Monday, July 28, 2014

State of the Space: Baby Boy's Room {THE BEFORE}

I'll be honest, Baby Boy's room is in a pretty sad state right now, but you gotta start somewhere. So, today's post is the starting line and hopefully we'll get to the finish line say, before he cracks his first non-gas induced smile.

The good news is, all that early onset nesting I've been experiencing has allowed us to finally get to a place where we can actually start thinking about furnishing and decorating his space. And the other good news is that my partner in this parenting gig, The Man, isn't too worried about the fact that baby boys room won't be ready by his due date (because the fact is, it won't be). You see, he's convinced his son doesn't need all that baby stuff and most certainly doesn't need decor. Put up a Chicago Bears poster (apparently a poster is not considered decor, it's simply an essential part of life), give him a sheet to lie on, and his lad will be just fine. He must be confusing our baby for this one:
While I am convinced this is how my husband emerged from the womb, I am quite sure our boy will be just as needy and precious as every other newborn on earth. With that said, the little experience I do have with newborns tells me that I really don't need to have his actual bedroom completed on his Birth Day as he'll likely spend several weeks, maybe even months sleeping in this cradle. The same one Francie and I spent our first weeks in and that my Grandpa made {And please, try to keep it down, Giggle Girl is napping}.
Once I find a home for all those books we'll put the cradle in our bedroom and my dresser should make the perfect changing table for the time being.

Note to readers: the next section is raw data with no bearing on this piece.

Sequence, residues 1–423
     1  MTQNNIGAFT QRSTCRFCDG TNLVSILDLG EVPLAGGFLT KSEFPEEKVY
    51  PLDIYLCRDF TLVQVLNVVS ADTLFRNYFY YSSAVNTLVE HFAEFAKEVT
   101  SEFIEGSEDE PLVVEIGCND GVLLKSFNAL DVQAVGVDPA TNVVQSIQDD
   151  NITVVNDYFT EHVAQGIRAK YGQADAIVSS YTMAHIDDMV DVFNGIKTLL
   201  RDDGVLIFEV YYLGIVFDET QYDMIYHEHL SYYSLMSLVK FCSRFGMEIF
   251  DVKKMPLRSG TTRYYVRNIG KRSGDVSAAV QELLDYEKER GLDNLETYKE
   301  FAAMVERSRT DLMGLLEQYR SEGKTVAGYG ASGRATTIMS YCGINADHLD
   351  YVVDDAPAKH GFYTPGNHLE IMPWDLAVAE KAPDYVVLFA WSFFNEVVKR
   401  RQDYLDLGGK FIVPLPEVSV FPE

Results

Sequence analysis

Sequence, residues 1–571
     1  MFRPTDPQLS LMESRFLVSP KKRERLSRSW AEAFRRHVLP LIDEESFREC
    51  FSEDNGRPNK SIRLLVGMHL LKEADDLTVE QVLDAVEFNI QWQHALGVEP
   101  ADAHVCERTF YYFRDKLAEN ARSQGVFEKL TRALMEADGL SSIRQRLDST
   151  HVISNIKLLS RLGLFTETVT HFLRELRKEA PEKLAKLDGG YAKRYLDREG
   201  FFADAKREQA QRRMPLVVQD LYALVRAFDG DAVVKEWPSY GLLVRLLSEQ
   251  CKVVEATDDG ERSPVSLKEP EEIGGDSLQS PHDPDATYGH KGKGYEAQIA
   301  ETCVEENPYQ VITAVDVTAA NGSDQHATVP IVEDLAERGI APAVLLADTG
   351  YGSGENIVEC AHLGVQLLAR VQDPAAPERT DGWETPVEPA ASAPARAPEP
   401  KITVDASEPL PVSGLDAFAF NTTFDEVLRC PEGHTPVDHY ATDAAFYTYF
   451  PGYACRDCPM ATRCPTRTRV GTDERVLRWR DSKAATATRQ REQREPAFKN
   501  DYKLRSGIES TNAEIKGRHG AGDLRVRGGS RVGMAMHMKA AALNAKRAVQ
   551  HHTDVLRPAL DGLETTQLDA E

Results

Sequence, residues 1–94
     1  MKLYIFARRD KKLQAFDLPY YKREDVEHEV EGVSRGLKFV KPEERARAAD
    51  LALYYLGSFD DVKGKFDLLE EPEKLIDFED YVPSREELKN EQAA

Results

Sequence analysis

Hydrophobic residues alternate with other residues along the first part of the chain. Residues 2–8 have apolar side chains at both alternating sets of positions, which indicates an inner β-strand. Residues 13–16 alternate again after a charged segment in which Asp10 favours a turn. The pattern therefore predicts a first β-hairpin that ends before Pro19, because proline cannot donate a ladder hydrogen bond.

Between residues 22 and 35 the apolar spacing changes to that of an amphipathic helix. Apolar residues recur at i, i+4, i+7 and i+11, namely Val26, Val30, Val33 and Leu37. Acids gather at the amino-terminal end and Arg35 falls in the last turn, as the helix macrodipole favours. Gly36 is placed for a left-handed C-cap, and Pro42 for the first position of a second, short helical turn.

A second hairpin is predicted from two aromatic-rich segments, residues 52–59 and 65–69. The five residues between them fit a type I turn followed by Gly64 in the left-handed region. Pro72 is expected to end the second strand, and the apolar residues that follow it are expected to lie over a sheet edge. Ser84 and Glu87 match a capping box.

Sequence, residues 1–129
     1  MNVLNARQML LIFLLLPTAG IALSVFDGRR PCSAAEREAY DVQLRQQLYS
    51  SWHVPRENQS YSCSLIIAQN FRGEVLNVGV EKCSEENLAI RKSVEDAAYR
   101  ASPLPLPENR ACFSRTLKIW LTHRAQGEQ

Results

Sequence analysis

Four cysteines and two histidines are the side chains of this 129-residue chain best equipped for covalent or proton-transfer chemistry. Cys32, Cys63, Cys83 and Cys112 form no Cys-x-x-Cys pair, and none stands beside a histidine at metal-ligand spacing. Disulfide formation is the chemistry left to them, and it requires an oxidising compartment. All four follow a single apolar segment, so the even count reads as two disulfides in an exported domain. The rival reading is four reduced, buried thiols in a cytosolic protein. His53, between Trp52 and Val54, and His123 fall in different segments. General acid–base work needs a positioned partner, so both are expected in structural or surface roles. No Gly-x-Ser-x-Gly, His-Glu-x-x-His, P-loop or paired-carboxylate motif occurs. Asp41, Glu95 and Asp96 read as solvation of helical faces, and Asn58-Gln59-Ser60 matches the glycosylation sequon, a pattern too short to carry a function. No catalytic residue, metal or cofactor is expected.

This strategy should buy us a few weeks because here is a look at the current state of Baby Boy's actual bedroom.  Keeping things positive, we do have a crib, changing pad, and a diaper genie. Baby bedding is T.B.D. but our kind friends did give us some crib sheets to tie us over.
The room needs some curtains and I've got this sweet bentwood rocker and footstool.
I picked up the rocker for just $45 at Nearly New Thrift Shop in Fayetteville and the foot stool I got a while back in Cameron. I'd like to refinish the rocker but I am still debating weather to paint it a fun color or stain it to match the foot stool. Suggestions welcome!!
We have plenty of blank, builder-grade beige walls to go around. Of course that's nothing some paint won't fix.
And some art! I've already got some of that, as well as a large frame that will be great once I figure out what to put in it...
And check this out, I've got a branch! Clearly my baby preparation priorities are straight as I intend to turn it into faux antlers, something every infant needs.
Hey! I've even got Francie's old crib skirt that I can totally reuse with a little manly adjustment.
Let's not forget the closet as it is too has potential and a few pieces I can use in the room, like the red tear drop lamp and orange shelf.
I've got myself convinced we are in good shape, I mean I do have a branch! All we need to purchase is a dresser that can double as changing table, preferably something vintage,  some crib bedding,  and curtains and we will definitely be painting those walls!

Missing from all of this is the concept, which will pull the whole thing together. I blame all that nesting! It had my brain honed in on budgeting, taking stock, purging, and organizing and totally distracted from what's really important when preparing for a baby, THE DECORATING! Luckily, this is the fun part! Wednesday I *hope* to share Concept #1 for Baby Boy's room. I've already decided I want to come up with a few concepts since my deadline for the room's completion is November, he'll be almost 3 months old by then, likely outgrown the cradle, and ready to spread his wings in his own room.

In the meantime, I'm not gonna feel too guilty about the sad state of the nursery just 5 weeks before our Little Guy's expected arrival. I'll assume our son will be like most newborns, totally indifferent to decor and much more interested in milk, sleep, and clean diapers. Of course if by chance he emerges from the womb as his father predicts, then I'll scrap my plans all together, buy him some beef jerky (as he surely won't need milk), lay a sheet on the floor,  hang up that Chicago Bears poster, and call it a day.